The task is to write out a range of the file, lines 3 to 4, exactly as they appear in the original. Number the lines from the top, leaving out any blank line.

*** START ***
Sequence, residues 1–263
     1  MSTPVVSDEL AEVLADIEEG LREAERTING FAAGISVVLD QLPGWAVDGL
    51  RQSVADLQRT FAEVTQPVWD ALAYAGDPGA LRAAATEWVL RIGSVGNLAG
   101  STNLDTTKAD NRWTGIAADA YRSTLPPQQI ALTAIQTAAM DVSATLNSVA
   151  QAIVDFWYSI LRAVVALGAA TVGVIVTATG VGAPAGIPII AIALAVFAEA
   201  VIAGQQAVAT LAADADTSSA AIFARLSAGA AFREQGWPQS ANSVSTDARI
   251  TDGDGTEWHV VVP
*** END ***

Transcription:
    51  RQSVADLQRT FAEVTQPVWD ALAYAGDPGA LRAAATEWVL RIGSVGNLAG
   101  STNLDTTKAD NRWTGIAADA YRSTLPPQQI ALTAIQTAAM DVSATLNSVA